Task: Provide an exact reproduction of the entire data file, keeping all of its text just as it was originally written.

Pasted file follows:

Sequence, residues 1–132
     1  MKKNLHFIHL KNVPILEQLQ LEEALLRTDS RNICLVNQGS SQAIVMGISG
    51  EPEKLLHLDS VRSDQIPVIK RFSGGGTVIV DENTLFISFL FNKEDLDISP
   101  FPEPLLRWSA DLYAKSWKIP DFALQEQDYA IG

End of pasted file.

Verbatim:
Sequence, residues 1–132
     1  MKKNLHFIHL KNVPILEQLQ LEEALLRTDS RNICLVNQGS SQAIVMGISG
    51  EPEKLLHLDS VRSDQIPVIK RFSGGGTVIV DENTLFISFL FNKEDLDISP
   101  FPEPLLRWSA DLYAKSWKIP DFALQEQDYA IG